Cloud Conflict Looming As Business Managers Ignore IT Concerns

Research from AIIM exposes a battle being played out by business users and IT departments as the adoption of cloud computing accelerates. The AIIM Industry Watch Report titled, “Content in the Cloud – making the right decision,” shows business managers, who are looking for quick and easy access to applications, are in conflict with IT departments as cost-savings, flexibility and ease of deployment are placed higher in importance than regulation and control.

“Conflicting opinions between IT, business and records managers are unavoidable when it comes to making strategic plans for cloud migration,” said AIIM President John Mancini. “The conflict is heightened by the fact that 50 percent of business managers view SaaS and cloud as a default option for any new application, whereas only 19 percent of IT managers agree.”

Business managers wanting apps and apps stores have high expectations for ease and deployment speed, while IT and records managers want to exert some degree of governance and security. Despite these differences, the move to the cloud is happening and represents a major change in corporate IT infrastructure as a result of increased local use of social applications, Web collaboration and cloud-file sharing.

The research found cloud will become the default model, and the number of organisations that consider cloud to be their de-facto deployment for general IT applications will jump from 7 percent to 41 percent in three years and to 77 percent in six to eight years.

According to Doug Miles, director of market intelligence at AIIM, “Of particular concern is the recent growth in use of cloud-based file-sharing applications. Business users have a tendency to adopt consumer-grade applications as a simple way of getting their job done – often opting for the ‘freemium’ model. Meanwhile IT departments, concerned about security and governance, prevent access to these services, when they should be acknowledging the business need and setting up an approved and secure business-grade service.”

Most IT managers worry that long-term costs are being ignored and the report found that cloud charging models are not weighted in favor of long-term usage. Suppliers should also take note that the obvious concerns over security and reliability are still prevalent and will need to be addressed in any product offering.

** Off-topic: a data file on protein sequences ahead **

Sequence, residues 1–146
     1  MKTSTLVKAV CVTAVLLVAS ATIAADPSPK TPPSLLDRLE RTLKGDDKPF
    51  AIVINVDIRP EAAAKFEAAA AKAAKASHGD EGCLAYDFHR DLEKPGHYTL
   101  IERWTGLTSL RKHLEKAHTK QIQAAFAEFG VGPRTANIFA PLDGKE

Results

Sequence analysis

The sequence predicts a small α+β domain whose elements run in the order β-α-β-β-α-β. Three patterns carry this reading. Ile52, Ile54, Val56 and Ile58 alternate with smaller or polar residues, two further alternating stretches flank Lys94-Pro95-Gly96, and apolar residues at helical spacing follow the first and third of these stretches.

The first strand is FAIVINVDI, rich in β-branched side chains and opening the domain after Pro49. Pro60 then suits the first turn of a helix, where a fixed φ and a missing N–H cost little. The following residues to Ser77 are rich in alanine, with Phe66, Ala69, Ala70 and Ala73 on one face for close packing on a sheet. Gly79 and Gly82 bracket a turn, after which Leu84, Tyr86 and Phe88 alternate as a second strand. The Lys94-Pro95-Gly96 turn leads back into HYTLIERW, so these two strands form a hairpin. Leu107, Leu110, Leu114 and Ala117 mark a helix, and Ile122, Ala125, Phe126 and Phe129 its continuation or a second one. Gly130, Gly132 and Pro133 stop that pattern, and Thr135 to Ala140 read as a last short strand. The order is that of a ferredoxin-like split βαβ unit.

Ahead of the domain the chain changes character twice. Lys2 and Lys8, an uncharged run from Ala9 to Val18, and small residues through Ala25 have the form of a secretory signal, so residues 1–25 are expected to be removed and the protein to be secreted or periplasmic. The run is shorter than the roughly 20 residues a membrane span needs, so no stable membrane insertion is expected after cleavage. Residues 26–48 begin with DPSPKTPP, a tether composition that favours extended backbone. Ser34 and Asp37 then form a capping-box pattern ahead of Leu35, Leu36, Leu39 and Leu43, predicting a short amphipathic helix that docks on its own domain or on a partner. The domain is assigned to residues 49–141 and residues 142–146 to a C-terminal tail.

In summary, AIIM advises organisations to consider the cloud or run the risk of having business users openly defy IT policies in order to get their jobs done. Top recommendations include:

  • Understand the cloud user: Create/maintain a directory of SaaS, cloud and other off-premise applications, and record satisfaction levels and user experiences
  • Pay attention to cloud-based file-sharing: Rather than forbid or restrict access, set a policy in place to use business-grade applications and avoid unsecured subscriptions
  • Agree on a cloud strategy that encompasses business users and IT concerns: Consider costs, security, application areas, integration, suppliers and back-up systems
  • Set priorities around a phased approach: Start with applications that bring the most benefit from wider access across the enterprise including those outside the firewall
  • Evaluate and consider all viable options: Look at “designed-for-cloud” offerings as well as extensions to existing on-premise systems for increased access and cost savings.

“Business users see the cloud as a way to bypass the IT department, while custodians of content are horrified by the potential risks of ungoverned and isolated content silos,” said Miles. “The best approach is for business and IT managers to put aside their differences and work together to adopt the cloud content management and collaboration solutions that are best for their business.”

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Christian Harris is editor and publisher of BCW. Christian has over 20 years' publishing experience and in that time has contributed to most major IT magazines and Web sites in the UK. He launched BCW in 2009 as he felt there was a need for honest and personal commentary on a wide range of business computing issues. Christian has a BA (Hons) in Publishing from the London College of Communication.

  • It’s
    interesting to note the statistic that ‘50% of business managers view SaaS and
    cloud as a default option for any new application, whereas only 19% of IT
    managers agree’. The article certainly suggests there is a divide between IT
    managers and IT users within businesses, and I’d be curious to know what others
    think about how this will develop going forwards.

    A recent
    survey from Ipanema Technologies (KillerApps 2012) highlighted an alarming lack
    of awareness amongst IT managers/CIOs about the state of their networks. A
    third of respondents stated they had no idea about how many applications relied
    on their corporate WAN, whilst 69% stated that they weren’t aware about how
    much bandwidth each application uses.

    If IT
    managers are ‘flying blind’, and not fully on top of their networks, it perhaps
    puts them in a more difficult position when it comes to making their case
    against spend on cloud/apps. If they instead a fully transparent view across
    the network, they would be able to very quickly suggest how the addition of a
    new app (across cloud, say) would impact on business performance. From that
    position, they’d be able to make the case for not installing it far more
    easily.

    I’d suggest
    that knowledge and awareness will be valuable tools in helping IT managers to
    stand their ground within a business, and show very clearly where they add
    value.